Medical Clinic Valuations * Endowment Fund Management * Health Capital Formation * Investment Policy Statement Analysis * Provider Contracting & Negotiations * Marketplace Competition * Revenue Cycle Enhancements; and more! HEALTHCARE FINANCIAL INDUSTRIAL COMPLEX
  • iMBA Inc., OFFICES

    Suite #5901 Wilbanks Drive, Norcross, Georgia, 30092 USA [1.770.448.0769]. Our location is real and we are now virtually enabled to assist new long distance clients and out-of-town colleagues.

  • ME-P Publishing

  • SEEKING INDUSTRY INFO PARTNERS?

    If you want the opportunity to work with leading health care industry insiders, innovators and watchers, the “ME-P” may be right for you? We are unbiased and operate at the nexus of theoretical and applied R&D. Collaborate with us and you’ll put your brand in front of a smart & tightly focused demographic; one at the forefront of our emerging healthcare free marketplace of informed and professional “movers and shakers.” Our Ad Rate Card is available upon request [770-448-0769].

  • Reader Comments, Quips, Opinions, News & Updates

  • Start-Up Advice for Businesses, DRs and Entrepreneurs

    ImageProxy “Providing Management, Financial and Business Solutions for Modernity”
  • Up-Trending ME-Ps

  • Capitalism and Free Enterprise Advocacy

    Whether you’re a mature CXO, physician or start-up entrepreneur in need of management, financial, HR or business planning information on free markets and competition, the "Medical Executive-Post” is the online place to meet for Capitalism 2.0 collaboration. Support our online development, and advance our onground research initiatives in free market economics, as we seek to showcase the brightest Next-Gen minds. THE ME-P DISCLAIMER: Posts, comments and opinions do not necessarily represent iMBA, Inc., but become our property after submission. Copyright © 2006 to-date. iMBA, Inc allows colleges, universities, medical and financial professionals and related clinics, hospitals and non-profit healthcare organizations to distribute our proprietary essays, photos, videos, audios and other documents; etc. However, please review copyright and usage information for each individual asset before submission to us, and/or placement on your publication or web site. Attestation references, citations and/or back-links are required. All other assets are property of the individual copyright holder.
  • OIG Fraud Warnings

    Beware of health insurance marketplace scams OIG's Most Wanted Fugitives at oig.hhs.gov

Red Flags Delayed Again – A Poll

Take the Modern Physician Survey Poll
Staff Reporters

Join Our Mailing List

The Federal Trade Commission recently delayed the enforcement of its red flags rule until at least December 31st 2010.

So, do you think the “red flags” rule should apply to physician group practices that offer

creditor payment plans to patients?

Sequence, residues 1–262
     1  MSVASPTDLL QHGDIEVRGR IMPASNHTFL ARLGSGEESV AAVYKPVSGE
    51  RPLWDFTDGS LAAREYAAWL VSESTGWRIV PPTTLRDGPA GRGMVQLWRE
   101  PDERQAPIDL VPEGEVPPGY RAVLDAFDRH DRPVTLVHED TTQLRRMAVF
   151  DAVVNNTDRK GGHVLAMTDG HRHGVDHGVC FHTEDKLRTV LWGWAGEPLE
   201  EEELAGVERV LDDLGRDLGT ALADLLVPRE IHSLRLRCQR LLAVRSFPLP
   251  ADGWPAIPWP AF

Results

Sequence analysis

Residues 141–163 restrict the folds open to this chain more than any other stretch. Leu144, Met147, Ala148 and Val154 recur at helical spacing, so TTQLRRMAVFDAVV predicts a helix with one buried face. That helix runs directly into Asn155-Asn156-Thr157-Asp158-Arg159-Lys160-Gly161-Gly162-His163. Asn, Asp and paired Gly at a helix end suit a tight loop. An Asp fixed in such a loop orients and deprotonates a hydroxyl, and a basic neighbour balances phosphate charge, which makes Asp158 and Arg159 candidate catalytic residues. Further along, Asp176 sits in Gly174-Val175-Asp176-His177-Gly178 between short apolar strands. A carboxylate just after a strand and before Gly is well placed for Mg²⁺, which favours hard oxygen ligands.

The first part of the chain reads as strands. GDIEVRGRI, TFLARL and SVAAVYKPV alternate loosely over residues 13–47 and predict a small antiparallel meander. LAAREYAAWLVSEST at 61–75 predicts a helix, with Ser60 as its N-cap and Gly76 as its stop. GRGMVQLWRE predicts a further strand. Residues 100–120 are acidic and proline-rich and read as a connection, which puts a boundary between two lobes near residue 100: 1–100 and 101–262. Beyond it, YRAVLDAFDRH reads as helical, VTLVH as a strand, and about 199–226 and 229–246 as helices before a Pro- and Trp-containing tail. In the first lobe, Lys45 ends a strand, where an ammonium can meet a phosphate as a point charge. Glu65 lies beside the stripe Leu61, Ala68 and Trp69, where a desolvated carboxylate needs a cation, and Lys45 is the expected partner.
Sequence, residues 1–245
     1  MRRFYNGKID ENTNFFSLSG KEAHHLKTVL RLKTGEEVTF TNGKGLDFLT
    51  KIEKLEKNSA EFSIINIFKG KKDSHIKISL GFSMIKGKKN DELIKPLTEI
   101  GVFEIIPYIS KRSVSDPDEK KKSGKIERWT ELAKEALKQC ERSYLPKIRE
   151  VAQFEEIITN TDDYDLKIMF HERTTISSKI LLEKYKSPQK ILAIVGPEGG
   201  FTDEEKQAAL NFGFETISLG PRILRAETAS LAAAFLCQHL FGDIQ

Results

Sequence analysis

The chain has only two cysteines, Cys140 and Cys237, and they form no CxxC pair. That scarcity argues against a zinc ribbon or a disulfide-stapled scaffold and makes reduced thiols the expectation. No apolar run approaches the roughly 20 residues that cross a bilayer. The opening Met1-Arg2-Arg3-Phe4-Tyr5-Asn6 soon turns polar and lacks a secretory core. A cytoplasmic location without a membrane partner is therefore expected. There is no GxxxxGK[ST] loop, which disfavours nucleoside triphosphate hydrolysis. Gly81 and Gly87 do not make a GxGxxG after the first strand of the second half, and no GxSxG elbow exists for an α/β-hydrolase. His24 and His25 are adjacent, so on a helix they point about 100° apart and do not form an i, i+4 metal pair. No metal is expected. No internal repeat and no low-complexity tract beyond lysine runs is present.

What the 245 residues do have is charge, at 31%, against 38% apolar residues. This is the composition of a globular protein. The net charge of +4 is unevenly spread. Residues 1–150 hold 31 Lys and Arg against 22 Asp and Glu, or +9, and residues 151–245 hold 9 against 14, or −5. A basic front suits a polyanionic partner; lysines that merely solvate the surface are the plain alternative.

Take the Poll Now

Assessment

 Product DetailsProduct DetailsProduct Details       

Conclusion

Feel free to comment and review our top-left column, and top-right sidebar materials, links, URLs and related websites, too. Then, be sure to subscribe to the ME-P. It is fast, free and secure.

Speaker: If you need a moderator or speaker for an upcoming event, Dr. David E. Marcinko; MBA – Publisher-in-Chief of the Medical Executive-Post – is available for seminar or speaking engagements. Contact: MarcinkoAdvisors@msn.com

Get our Widget: Get this widget!

Our Other Print Books and Related Information Sources:

Practice Management: http://www.springerpub.com/prod.aspx?prod_id=23759

Physician Financial Planning: http://www.jbpub.com/catalog/0763745790

Medical Risk Management: http://www.jbpub.com/catalog/9780763733421

Healthcare Organizations: www.HealthcareFinancials.com

Health Administration Terms: www.HealthDictionarySeries.com

Physician Advisors: www.CertifiedMedicalPlanner.com

Subscribe Now: Did you like this Medical Executive-Post, or find it helpful, interesting and informative? Want to get the latest ME-Ps delivered to your email box each morning? Just subscribe using the link below. You can unsubscribe at any time. Security is assured.

Link: http://feeds.feedburner.com/HealthcareFinancialsthePostForcxos

Sponsors Welcomed: And, credible sponsors and like-minded advertisers are always welcomed.

Link: https://healthcarefinancials.wordpress.com/2007/11/11/advertise

On the Credibility of Financial Experts

ADVERTISEMENT

Keys to Protecting your Financial Expert’s Credibility in Court

By Trugman Valuation Associates

Join Our Mailing List

Dear Valued Friends and ME-P Colleagues

We hope this e-mail finds you happy and healthy! We have attached our most recent newsletter for your perusal and hope that you will find something of interest in it.

Link: Trugman Summer 2010

Assessment

All of us at Trugman Valuation Associates wish you and yours a happy and safe 4th of July and remainder of the summer.

www.trugmanvaluation.com  

Product DetailsProduct DetailsProduct Details    

Conclusion